4. 4.8240z

    CRAracer 76' 280z project

    It's a dang shame that parts car is in such rough shape the body lines looked incredible. I'm sure when it was in its prime that car looked incredible.
  5. Perfect thank you I will shoot you over a text here very shortly. That makes sense with the certification I guess doing a window mod myself would make it pointless to get a steel bell housing in the first place then. I do definitely see where the benefit of the window comes in though and I really do want one so I may have to go about it the same way you are. Anyways I will text you here shortly thanks again for all the help.
  6. 4.8240z

    Manual transmission options

    I have looked a decent amount into transmissions now and I have friends running a quite a few of these different setups and here's what we have found. Keep in mind however none of these men were driving there cars gently in any sense of the word. I have a one buddy running a world class t5 in a built sbc s10 on 295 Mickey thompsons and if he drives it regularly like he did last year he will blow about two used transmissions a year. This may be because he's running used transmissions but they seem to shift and be in good condition when he installs them. I have another buddy that has a fox body equipped with the oem t5 and his oem t5 lasted till over 100k getting beat the crap out of, the car does not produce a lot of Hp however it is all stock with bolt on's. Another one of my fox body buddies is at 491whp with a turbo and he could not get world class t5 to last more than a couple of events. He now uses a tko 600 he installed about a year and a half ago and has beat it up a lot since then and last I heard it is still shifting great. I have heard from a decent amount of people and know one personally that all say avoid buying just a used t56 alone, there is usually a reason there separated from the engine and being sold alone, the gentleman I know personally that got his from a gto had to replace second gear. However there are many people on here that have had great luck buying used ones so that is just one mans opinion take it with a grain of salt. As for the 4l60e I had one in my pre runner Silverado using a 4.8l with a whipple supercharger and I could not get one of those things to last me more than a year on 35" tires in a lightened up Silverado, because of how many times I had to swap them out after a full day of work then school I hate 4l60e's I do however wonder sometimes if the gentleman building my trannys was a idiot since I was young, dumb and went with the lowest bidder, who was building them in his basement in Tacoma so that's just something to think about. The 350z transmission doesn't seem like a bad option I had one in a vortech supercharged 350z with 391whp and it held up for the short time i drove it and I never heard any complaints from the buyer. I did however only drive it for about two weeks before It had issues I got ticked off made a rash decision and sold it so I can not truly vouch for that transmission. My only personal usage experience with a t56 was in my c5 z06 it had around 450-500whp and it held up great the year and a half I had it beating the crap out of it the whole time, launching on 315 drag radials constantly and running 11's after installing a tick adjustable master cylinder for smoother shifts it is my personal favorite for any tranny I have owned. After taking all this into consideration here is my consensus. If you want to go in a straight line, build over 1500hp or are willing to use paddle shifters a 4l80e is a great option, even oem they seem to handle some pretty crazy power. For me a manual in a road race car is a must so the two options I came down too were the jerico dog box or a t56 magnum. Both are very expensive yes but here is my way of looking at it, I don't want to build a car with a $2000 dollar weak link so every time I step on it I'm scared the trannys going to give and I end up being scared to drive the car how I built it to be drove. I personally will be purchasing a t56 magnum they are rated for 700ft lb of torque which I was told means they failed at 1400ft lb of torque when tremec tested them. In our little light cars that leads me to believe it shouldn't even be sweating at 700hp from a turbo 4.8l which is my goal.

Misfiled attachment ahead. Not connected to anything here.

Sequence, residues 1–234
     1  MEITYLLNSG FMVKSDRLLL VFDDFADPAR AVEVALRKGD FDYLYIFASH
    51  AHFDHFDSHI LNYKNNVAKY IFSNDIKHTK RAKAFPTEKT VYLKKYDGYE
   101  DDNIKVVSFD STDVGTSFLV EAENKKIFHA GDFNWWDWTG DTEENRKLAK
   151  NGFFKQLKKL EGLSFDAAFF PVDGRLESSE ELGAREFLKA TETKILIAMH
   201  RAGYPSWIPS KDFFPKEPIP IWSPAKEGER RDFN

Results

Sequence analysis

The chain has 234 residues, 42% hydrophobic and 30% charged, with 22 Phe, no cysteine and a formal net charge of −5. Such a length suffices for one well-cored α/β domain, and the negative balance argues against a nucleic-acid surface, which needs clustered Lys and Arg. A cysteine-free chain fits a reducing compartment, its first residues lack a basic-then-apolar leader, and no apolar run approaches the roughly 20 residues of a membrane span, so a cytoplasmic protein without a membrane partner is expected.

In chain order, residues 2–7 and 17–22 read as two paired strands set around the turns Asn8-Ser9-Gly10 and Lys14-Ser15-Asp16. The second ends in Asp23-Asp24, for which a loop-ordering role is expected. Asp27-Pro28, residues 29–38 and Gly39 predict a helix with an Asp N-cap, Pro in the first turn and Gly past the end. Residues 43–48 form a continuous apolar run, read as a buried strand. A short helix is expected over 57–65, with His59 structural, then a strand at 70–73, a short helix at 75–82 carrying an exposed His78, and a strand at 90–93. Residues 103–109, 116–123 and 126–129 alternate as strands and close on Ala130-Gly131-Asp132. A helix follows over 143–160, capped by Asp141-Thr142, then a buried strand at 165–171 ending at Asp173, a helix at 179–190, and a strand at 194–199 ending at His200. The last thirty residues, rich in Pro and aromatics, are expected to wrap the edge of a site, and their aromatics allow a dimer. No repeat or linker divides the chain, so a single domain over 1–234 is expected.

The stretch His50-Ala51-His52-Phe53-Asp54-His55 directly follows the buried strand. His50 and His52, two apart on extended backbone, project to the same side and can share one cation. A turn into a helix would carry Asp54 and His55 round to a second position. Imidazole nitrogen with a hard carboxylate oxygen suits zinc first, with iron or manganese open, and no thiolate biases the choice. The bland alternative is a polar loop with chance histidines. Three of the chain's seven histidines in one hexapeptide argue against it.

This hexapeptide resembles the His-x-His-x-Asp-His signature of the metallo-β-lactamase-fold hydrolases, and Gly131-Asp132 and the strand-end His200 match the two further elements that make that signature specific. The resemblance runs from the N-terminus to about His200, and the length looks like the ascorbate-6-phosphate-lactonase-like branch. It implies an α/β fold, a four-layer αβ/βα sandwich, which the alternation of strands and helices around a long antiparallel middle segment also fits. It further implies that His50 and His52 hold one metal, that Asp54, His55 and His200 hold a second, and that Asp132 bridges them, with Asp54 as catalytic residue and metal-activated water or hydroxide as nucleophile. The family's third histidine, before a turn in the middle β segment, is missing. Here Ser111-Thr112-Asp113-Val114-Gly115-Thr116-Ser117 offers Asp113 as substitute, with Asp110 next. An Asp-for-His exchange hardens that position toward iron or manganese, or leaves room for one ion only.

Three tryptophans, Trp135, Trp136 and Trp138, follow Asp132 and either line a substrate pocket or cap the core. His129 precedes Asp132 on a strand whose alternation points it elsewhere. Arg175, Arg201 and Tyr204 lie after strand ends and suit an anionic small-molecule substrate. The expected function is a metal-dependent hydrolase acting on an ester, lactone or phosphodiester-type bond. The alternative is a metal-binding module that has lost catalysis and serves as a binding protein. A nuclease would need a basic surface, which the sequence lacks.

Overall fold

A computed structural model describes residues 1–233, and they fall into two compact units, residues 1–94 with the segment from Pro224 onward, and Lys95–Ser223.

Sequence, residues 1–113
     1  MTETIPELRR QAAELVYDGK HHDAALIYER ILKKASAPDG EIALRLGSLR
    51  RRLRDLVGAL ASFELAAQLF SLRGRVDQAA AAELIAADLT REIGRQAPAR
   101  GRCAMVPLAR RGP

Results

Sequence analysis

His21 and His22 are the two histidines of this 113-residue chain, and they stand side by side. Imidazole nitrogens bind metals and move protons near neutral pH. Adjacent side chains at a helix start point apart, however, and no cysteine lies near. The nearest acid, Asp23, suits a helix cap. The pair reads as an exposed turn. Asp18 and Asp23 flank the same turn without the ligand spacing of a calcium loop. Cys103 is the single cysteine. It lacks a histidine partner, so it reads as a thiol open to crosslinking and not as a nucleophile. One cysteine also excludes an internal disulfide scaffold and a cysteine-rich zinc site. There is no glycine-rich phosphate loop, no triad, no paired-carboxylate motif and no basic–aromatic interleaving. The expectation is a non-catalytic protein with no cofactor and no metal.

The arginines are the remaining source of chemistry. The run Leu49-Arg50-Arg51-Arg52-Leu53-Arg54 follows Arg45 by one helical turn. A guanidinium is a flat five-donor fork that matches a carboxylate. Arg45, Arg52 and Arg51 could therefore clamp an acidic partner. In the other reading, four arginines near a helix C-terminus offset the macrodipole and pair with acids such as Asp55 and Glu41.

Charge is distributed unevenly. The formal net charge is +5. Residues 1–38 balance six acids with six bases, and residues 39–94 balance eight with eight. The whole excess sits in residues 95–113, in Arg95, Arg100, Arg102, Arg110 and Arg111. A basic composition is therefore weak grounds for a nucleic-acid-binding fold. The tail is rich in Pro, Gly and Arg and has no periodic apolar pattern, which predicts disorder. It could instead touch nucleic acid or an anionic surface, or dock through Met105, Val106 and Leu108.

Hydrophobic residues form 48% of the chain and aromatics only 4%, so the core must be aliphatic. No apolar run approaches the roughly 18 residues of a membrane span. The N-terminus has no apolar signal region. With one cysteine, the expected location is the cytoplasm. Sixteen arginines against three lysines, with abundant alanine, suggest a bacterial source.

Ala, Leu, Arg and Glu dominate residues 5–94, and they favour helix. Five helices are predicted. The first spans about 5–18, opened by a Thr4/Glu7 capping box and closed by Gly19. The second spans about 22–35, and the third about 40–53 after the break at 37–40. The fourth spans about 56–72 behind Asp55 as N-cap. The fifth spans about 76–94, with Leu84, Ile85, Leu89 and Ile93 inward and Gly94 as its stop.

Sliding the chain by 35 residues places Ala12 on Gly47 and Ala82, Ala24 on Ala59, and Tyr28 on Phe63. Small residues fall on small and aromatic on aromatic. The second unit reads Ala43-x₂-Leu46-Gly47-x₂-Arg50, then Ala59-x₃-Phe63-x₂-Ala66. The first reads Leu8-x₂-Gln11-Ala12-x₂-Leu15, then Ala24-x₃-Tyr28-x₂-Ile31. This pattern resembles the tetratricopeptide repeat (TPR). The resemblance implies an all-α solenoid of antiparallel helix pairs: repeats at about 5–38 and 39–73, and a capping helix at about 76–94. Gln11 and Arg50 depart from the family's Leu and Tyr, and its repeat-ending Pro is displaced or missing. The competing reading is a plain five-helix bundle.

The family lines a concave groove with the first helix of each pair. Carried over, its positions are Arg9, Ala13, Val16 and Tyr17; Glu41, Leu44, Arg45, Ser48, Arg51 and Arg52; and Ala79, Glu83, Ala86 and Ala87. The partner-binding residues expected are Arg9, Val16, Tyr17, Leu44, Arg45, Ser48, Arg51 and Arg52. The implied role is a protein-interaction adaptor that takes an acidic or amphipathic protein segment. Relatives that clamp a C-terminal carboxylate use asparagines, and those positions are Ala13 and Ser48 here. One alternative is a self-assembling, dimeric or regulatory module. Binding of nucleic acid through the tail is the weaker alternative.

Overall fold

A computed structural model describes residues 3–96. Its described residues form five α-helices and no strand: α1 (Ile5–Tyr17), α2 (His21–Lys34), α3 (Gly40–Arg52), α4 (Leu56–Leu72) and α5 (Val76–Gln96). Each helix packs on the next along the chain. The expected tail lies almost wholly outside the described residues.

7. That is fair, my only fear is of taking the faceplate off the transmission after paying 3k for it I don't particularly want to start disassembling it. Certification is not my greatest concern at this point although I'm sure it will become a concern eventually. I was buying a new t56 magnum anyways so no bell housing was included. But with a target horsepower of 700hp my concern was more on my clutch removing my ankles, ever since watching that video I was showed on ls1tech called death of a trans am I'm a bit spooked and that car had around 500hp when that happened. I wonder if you can make a window on the bell housing that has a bolt on cover to keep the bell housing in certification.